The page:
Wednesday, June 24, 2015
Idaho Department of Lands discusses what kind of fire season is expected for summer 2015
Information from the Idaho Department of Lands
It's official: summer is here and weather and fuel conditions indicate 2015 will be an active fire season. The very hot temperatures and dry weather expected across Idaho this week will rapidly dry out both fine and heavy fuels, increasing fire potential. Fire managers are asking people to be extra careful in the outdoors so they do not accidentally start a fire.
Most of the 74 fires that State of Idaho firefighters have put out so far this year have been caused by people, not lightning. Fires resulting from equipment, recreational shooting, and controlled burns that escaped make up most of the human-caused fires on lands protected by the Idaho Department of Lands (IDL) and two timber protective associations.
As the Independence Day holiday approaches, Idahoans also are reminded that fireworks are prohibited on forest and range lands in Idaho during closed fire season (May 10 through October 20).
Fire prevention and safety tips are available on the new web site, http://idahofireinfo.blogspot.com/.
National fire weather forecasters told the Land Board last week they expect a near normal fire season in southern Idaho and an above normal fire season for northern Idaho, where the State of Idaho has much of the responsibility for fighting wildfire.
Low snowpack and low soil moisture contributed to conditions in May and June that fire managers do not usually see until July. Tree stumps are burning three to four feet into the ground and bushes that usually stay green and absorb the fire to slow it down are actually burning and contributing to the spread of fire. The low subsoil moisture probably is the result of a cold snap last November prior to snowfall that did not allow winter rain to penetrate the soil, so fires likely will burn deep into the soil and will be difficult to mop up without water.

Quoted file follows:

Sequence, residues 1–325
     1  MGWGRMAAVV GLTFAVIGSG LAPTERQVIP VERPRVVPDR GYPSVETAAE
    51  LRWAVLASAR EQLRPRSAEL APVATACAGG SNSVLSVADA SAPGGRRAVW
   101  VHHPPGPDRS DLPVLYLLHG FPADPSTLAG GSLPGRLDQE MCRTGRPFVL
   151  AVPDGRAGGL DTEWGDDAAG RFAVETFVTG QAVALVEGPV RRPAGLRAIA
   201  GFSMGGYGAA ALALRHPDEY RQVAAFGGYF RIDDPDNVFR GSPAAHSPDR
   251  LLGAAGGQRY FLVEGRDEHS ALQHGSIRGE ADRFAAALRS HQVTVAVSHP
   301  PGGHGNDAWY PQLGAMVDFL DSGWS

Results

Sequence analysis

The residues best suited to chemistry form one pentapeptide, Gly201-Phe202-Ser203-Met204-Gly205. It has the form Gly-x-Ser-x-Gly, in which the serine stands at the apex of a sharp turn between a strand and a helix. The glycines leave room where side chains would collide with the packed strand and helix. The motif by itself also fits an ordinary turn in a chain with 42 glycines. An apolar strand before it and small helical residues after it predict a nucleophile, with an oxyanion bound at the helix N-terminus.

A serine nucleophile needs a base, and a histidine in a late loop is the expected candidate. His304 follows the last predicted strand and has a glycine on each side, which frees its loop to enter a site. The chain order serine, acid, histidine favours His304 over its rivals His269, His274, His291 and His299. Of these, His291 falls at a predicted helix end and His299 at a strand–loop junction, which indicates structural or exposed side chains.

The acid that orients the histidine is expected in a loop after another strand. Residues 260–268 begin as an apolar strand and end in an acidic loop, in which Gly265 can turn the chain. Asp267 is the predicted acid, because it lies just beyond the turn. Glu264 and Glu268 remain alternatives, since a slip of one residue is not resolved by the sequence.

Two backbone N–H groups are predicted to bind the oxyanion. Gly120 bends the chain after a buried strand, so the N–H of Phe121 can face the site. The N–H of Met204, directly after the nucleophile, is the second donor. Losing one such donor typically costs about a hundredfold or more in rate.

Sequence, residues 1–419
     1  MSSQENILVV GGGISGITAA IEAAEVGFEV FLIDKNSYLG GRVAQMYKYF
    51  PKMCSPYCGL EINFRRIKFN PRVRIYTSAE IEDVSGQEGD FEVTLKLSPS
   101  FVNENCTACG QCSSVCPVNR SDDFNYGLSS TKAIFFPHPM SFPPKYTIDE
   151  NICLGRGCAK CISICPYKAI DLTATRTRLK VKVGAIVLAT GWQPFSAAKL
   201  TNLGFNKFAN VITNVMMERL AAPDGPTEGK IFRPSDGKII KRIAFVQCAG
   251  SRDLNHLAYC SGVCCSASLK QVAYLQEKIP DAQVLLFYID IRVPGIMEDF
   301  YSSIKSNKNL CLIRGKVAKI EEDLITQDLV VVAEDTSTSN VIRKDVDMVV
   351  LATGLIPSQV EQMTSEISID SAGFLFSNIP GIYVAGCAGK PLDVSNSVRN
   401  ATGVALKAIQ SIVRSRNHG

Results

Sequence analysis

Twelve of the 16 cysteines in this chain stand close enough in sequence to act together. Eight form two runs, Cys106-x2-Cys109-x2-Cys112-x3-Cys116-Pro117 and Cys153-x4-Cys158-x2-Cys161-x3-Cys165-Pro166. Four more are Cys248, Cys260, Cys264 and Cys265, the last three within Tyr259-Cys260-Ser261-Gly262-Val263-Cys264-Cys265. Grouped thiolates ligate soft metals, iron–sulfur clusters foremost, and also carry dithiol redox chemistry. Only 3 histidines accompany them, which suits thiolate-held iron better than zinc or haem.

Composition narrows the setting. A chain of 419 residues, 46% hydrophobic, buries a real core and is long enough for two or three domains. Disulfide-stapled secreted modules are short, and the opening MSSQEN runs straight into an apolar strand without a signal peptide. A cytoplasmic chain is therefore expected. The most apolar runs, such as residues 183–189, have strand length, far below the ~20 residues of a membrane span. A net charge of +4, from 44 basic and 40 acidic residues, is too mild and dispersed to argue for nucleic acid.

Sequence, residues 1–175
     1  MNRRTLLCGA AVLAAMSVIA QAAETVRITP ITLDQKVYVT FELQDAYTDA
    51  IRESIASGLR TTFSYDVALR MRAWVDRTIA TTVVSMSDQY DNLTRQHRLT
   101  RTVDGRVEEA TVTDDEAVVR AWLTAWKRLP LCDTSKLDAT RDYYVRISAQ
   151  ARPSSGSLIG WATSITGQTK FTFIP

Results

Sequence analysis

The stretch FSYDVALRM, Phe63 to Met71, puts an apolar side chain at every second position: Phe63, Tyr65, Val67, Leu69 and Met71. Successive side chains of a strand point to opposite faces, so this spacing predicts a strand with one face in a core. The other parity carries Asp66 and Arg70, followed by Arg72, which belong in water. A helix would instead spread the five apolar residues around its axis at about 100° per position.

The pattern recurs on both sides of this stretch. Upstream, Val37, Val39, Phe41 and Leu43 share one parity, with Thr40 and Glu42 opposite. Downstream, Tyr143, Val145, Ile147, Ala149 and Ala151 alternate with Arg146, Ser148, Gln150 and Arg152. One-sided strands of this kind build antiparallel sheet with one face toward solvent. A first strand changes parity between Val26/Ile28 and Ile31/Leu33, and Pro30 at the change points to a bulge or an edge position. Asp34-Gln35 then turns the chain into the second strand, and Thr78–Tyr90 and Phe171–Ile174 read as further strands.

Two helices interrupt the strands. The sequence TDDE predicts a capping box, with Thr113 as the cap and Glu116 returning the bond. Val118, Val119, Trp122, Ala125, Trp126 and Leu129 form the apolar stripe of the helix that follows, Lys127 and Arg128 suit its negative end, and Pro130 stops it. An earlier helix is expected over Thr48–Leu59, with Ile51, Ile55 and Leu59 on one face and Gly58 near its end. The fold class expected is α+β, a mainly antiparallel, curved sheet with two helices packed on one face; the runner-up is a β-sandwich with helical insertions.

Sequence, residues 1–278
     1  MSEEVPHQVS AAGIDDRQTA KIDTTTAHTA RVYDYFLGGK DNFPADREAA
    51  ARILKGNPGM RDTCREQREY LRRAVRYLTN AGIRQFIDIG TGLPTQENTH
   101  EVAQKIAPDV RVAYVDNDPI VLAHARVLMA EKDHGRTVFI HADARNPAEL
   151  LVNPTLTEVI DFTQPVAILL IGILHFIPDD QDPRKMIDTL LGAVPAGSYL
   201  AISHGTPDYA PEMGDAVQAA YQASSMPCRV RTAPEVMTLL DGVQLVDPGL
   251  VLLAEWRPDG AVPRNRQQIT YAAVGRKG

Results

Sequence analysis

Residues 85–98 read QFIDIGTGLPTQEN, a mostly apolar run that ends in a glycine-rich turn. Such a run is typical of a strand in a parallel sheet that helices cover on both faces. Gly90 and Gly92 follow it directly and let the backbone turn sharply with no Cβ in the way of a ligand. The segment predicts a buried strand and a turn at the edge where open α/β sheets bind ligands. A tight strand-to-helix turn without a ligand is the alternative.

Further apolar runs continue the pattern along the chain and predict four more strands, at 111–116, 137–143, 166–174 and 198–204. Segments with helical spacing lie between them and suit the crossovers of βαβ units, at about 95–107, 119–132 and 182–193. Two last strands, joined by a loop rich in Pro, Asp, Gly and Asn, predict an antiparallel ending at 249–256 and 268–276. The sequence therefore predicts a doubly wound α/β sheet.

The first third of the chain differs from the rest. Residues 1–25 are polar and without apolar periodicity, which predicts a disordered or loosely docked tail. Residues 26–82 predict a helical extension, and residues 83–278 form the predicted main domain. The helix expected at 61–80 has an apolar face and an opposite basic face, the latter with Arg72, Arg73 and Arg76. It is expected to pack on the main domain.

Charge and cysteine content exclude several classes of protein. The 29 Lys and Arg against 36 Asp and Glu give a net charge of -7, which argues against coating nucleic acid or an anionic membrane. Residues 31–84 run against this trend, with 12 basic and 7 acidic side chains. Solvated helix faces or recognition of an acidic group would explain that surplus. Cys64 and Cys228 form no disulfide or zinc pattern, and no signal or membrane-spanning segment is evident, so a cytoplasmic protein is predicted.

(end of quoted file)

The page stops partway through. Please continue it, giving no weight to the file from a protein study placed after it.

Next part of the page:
This year, Idaho forests are drought-stressed and more prone to insect and disease damage. Fine fuels such as grasses are more prevalent than would be expected in a typical drought situation thanks to well timed precipitation this year. A healthy snowpack usually will compact fine fuel vegetation from the previous season, but the limited snowpack this year left abundant standing fuels from last season to add to this growing season.
Factors that affect the severity of a fire season are global weather patterns, temperature, precipitation (amount and timing), snowpack, drought, and vegetation development.
Ten IDL forest protective districts and two timber protective associations together provide protection on more than 6.2 million acres of mostly State owned and privately owned timberlands in Idaho. Most of the lands we protect are located north of Grangeville. The other two fire agencies are the U.S. Forest Service (USFS) and Bureau of Land Management (BLM). Local fire districts and rangeland fire protection associations assist IDL, USFS, and BLM in our firefighting efforts.
The goal is to keep 94 percent of fires that burn on State-protected lands to 10 acres or less in size.